R-059. The Distribution of Beneficial Mutations and their Pleiotropic Effects

S. G. Comeau, V. S. Cooper;
Univ. of New Hampshire, Durham, NH.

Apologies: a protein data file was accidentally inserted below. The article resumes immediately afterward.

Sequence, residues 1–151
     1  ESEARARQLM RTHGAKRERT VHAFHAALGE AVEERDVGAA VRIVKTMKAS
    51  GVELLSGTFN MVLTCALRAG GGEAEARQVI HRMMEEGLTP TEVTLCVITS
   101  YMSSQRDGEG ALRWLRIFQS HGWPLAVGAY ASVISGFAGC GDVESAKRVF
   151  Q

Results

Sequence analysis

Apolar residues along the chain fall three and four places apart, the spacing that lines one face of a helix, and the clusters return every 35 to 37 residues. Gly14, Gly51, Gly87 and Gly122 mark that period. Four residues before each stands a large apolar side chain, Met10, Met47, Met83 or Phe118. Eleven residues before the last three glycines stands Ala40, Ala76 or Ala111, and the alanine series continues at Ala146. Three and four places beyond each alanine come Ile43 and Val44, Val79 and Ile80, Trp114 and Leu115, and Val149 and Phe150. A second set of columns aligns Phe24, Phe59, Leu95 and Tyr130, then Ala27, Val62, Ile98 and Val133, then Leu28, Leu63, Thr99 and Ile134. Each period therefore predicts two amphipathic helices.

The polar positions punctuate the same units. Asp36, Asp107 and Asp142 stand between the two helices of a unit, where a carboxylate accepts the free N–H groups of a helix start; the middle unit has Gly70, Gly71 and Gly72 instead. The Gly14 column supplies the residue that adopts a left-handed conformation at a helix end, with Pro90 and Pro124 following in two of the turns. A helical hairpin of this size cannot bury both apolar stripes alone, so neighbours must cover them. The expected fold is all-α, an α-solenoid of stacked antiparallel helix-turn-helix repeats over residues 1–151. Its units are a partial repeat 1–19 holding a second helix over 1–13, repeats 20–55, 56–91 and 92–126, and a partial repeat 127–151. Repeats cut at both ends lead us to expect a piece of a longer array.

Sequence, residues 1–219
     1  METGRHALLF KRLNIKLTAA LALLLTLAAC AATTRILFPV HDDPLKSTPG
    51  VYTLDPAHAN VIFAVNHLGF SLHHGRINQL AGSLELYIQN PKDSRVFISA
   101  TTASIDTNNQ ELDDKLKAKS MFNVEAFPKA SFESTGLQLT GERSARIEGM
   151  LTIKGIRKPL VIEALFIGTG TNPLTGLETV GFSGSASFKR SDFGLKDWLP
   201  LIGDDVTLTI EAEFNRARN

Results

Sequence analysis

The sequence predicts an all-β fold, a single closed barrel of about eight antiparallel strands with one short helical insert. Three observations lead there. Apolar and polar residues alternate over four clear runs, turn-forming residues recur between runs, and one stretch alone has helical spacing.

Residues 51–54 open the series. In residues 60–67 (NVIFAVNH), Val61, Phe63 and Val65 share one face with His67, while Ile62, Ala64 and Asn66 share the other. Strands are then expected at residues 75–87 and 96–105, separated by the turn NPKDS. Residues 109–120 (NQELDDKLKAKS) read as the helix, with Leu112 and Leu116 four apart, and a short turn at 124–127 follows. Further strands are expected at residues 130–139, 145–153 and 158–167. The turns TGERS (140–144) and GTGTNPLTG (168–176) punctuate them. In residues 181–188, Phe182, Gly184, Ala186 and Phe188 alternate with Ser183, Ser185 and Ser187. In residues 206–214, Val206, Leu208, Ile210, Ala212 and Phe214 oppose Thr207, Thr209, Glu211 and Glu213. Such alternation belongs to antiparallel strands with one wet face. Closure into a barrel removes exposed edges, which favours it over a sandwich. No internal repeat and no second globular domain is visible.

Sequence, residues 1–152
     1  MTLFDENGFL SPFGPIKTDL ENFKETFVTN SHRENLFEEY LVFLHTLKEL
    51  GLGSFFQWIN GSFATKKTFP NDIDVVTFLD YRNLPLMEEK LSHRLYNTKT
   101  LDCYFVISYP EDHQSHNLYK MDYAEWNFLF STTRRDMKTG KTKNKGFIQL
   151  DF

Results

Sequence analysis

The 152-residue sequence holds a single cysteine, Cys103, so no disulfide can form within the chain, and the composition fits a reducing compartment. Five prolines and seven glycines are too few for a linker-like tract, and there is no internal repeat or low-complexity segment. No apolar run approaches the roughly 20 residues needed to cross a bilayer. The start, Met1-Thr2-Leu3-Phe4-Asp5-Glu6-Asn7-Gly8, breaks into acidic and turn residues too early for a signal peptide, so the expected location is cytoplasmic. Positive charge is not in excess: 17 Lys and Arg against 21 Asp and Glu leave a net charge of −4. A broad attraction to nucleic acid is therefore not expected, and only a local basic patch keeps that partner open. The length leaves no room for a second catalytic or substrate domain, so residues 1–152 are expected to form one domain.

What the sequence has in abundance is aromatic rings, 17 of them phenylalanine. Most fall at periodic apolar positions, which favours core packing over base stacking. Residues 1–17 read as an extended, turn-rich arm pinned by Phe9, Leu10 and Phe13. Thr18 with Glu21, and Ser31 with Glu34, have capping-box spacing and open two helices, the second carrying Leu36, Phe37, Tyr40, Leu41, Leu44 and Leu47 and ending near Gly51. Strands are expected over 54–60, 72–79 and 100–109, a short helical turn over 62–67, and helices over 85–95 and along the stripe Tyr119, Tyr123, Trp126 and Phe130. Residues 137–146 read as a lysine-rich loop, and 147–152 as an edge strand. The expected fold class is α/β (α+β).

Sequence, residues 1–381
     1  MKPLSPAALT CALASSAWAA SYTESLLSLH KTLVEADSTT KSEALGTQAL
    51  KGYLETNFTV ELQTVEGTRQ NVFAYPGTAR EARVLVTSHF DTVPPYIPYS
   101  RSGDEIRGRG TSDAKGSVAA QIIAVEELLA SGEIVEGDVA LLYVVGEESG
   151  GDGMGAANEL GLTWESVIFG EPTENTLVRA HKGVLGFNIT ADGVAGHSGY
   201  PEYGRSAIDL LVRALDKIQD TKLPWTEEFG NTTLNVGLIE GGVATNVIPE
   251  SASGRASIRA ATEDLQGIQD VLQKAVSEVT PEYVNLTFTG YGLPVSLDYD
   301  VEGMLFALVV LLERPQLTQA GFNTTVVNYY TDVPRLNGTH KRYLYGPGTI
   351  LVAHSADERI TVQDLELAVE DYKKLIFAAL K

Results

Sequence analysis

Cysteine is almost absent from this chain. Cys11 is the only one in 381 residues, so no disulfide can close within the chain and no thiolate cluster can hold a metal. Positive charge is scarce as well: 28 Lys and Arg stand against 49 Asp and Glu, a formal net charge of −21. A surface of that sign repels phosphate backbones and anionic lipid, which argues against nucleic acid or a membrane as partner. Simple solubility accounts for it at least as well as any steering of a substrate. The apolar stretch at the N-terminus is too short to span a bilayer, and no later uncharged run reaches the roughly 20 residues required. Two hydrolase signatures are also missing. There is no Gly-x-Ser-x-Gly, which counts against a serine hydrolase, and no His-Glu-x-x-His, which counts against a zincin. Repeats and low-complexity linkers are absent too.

Despite its central importance to countless biological processes, the nature of pleiotropy, defined as the ability of single mutations to affect multiple traits, remains poorly understood. We captured the first adaptive steps in two sets of evolving bacterial populations to quantify the relationship between adaptation to a common environment and correlated effects in alternative environments. In doing so we tested two hypotheses: 1) the distribution of adaptive steps will follow a common form because of the inherent rarity of beneficial mutations, and 2) the abundance of antagonistic pleiotropic effects will increase with greater specialization of the ancestral genotype. We used two different strains, a natural isolate of Burkholderia cenocepacia and a laboratory strain of Escherichia coli (specialist) to test these hypotheses. Each ancestor was marked with two neutral markers, a lactose-utilizing marker (blue-white) for B. cenocepacia and an arabinose-utilizing marker (red-white) for E. coli. Beneficial mutations were collected as follows: a 50:50 mixture of the two marked ancestors was combined into ten replicate cultures and then serially passaged each day in a galactose minimal media until the marker ratio skewed significantly from 50:50. When a skew in marker ratio was seen, both populations were then competed against the wild-type ancestor to determine the conferred fitness advantage in the evolved isolates. Beneficial mutations were then assessed in 12 other environments to quantify the pleiotropic effects on general stress, outer membrane function, carbon source transport, and iron limiting environments to evaluate how adaptation to a single carbon source changes growth in alternative environments. Our results support our first hypothesis of a common underlying distribution of beneficial mutations despite different ancestral genotypes. Our evidence for the second hypothesis is more preliminary, but suggests that pleiotropic effects of early adaptation are generally positive for unspecialized B. cenocepacia and more mixed (both positive and antagonistic) for the more specialized E. coli strain.